- Think about it - before the song there were some brilliant bits discussing saving whales and how they should do it a long with impressions.

- I thought the crowd were really good, I read reports of the previous Manch show and it said there were a lot of hecklers. But there was only a few this evening. The first one was just after Jemaine said he was going for a nap and a woman in a very strong Mancunian accent shouted “I’ll join ya” which meant the guys couldn’t stop laughing and they then questioned her intentions did she mean that she thought it was boring show or that she found Jemaine attractive and wanted to lie next to him. She said the second which led a guy to shout (VERY loudly) “JEMAINE YOU SEXY BASTARD”. I’m pretty sure Jemaine blushed at this point and responded with “thank you for being clear with what you mean”. The third thing shouted got a Shut Up response, so there was no more afterwards.

- Between the songs, the guys told stories from being on tour, these included being stuck in a lift, getting muffins and a groupie with a fish, among others.

- Bret broke the news who our new PM was which led to a large amount of boos and several “You should do it” and Jemaine took up the offer and said Nigel should be treasurer and in the cabinet as he can hold things. I love that a lot of people found out who our PM was from the conchords, another great memory for the show.

- they get dressed into tight, sequin outfits for Demon Woman and they changed by ripping off their trousers (stripper style). After the song they went off for the encore. Bret and Nigel came back fully clothed but Jemaine came on trying to but his trousers back together and Bret saying he should just get some normal trousers. Jemaine has also out his t-shirt on wrong, he had missed one of the sleeves so his arm was through the neck opening and as it was a v-neck shirt it kept falling down during Bus Driver song until half of his chest was on show. Got to love guys who fail at dressing.

- During Sugalumps Bret jumped into the audience and found a guy with crutches and grabbed them and started singing “his crutch is on my crotch” and then he went over to a lady in a wheelchair and it looked like he was going to give her a lapdance but he changed his mind and decided to wheel her towards him.

Me and my friend weren’t sitting next to each other so we decided to meet outside the pub and even though we had met the guys already we ended up staying again (mainly because we were with others who hadn’t met them yet). Eugene came out and worked the crowd and took pictures with everyone, he was so naturally funny when responding to everyone I could have just listened to him all night.

Then the guys came out again, there were an awful lot of people there and I decided to hang at the back until it quietened down. The guys where in much better spirits after the show than before (always to be expected) and I liked meeting them when there was only a couple of people there but they gave better poses and were a lot more relaxed after the show, so I’m happy (and bloody greedy) I got to experience both times. I got Jemaine to sign my tea-towel and when I got to Bret he was signing a load of people’s tickets/albums with just Bret McKenzie but when I handed over the tea towel he said he really loved them and signed his name before pausing asking if it was for me (hell yeha it is) and then writing a little message.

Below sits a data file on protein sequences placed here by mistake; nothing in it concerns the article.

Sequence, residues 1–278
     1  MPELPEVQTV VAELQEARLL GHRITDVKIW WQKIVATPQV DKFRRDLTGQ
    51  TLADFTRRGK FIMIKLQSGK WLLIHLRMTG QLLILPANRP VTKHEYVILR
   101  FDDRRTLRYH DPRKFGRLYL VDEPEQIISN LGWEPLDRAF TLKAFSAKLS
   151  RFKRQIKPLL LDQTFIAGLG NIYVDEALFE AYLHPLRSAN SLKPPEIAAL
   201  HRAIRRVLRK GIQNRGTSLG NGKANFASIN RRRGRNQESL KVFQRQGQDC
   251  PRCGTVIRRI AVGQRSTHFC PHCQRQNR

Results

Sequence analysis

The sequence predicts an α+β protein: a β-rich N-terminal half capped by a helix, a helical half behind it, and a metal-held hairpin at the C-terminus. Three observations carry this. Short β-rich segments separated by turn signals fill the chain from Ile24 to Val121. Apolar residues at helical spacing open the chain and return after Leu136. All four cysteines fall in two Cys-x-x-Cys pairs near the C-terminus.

The next day we walked around Manchester and I brought a Ukulele.

Sorry for the really long post but it was such an amazing night and I can’t wait for Monday and London. I’m tempted to take my Ukulele down but is 2 shows and 3 meetings a bit too greedy and stalkery?

And also sorry for the stupid change in font sizes, can't work out how to stop it and when I change the size the space between the lines are huge.


Sunday, 25 April 2010

Rhod Gilbert, marathon, possible new TYSIC & update on another TYSIC. - my week

Quick note from the author - no spell/grammar check has occurred and it is rather rambly (especially section on the marathon, I am tired. But thank you for reading)

On Friday I went to see Rhod Gilbert at Hammersmith Apollo. I hadn’t seen the show since Edinburgh and this was one of the last dates of the current run so was really looking forward to seeing how it had developed. As my memory is shockingly bad and it has been 8 months since the fringe I could remember the basics to the show so couldn’t quite work out what he has added to it. But he definitely has as it had more then doubled in time.

The show started at about 8.15 and had a short set from support act Andrew Bird (Twitter helped me name him, couldn’t think who of his surname) who I hadn’t heard of before. I was sad that Lloyd Langford wasn’t supporting but Andrew was really good and the crowd absolutely loved him. Rhod followed him straight away and didn’t leave the stage until after 11pm (with a short interval). Even though I’m happy the show was nearly 3 hours in total (made the ticket price very much worth it), I do feel it was a bit too long, especially with Rhod’s energy, can be hard to keep track of everything he is doing and saying. Nonetheless it was still a great show and Rhod is a brilliant performer. I have more annoyances though and this time it was the crowd. The people behind me drove me crazy, they kept eating popcorn very loudly, had shrieking laughs and would chat between themselves. Loud laughing is usually ok but they kept laughing when no one else was so it was constant. The crowd also kept turning into a pantomime, whenever there was a second of silence after he said something negative everyone would just “AWWW” very loudly. Rhod says negative things a fair bit so for a good 10 minutes he couldn’t say anything. At first it did elicit some really funny stuff from Rhod (like kicking the stool across the stage) but the joke did wear thin fairly soon. I can’t complain about the crowd too much, the reaction between people and Rhod was some of the highlights of the show. I won’t mention my favourite ones as it was being filmed for a DVD and don’t want to spoil it for people if they make the cut, but I will say the image of Rhod trying to act out how Pole Vaulting with a hard on would work will stay in my mind for too long.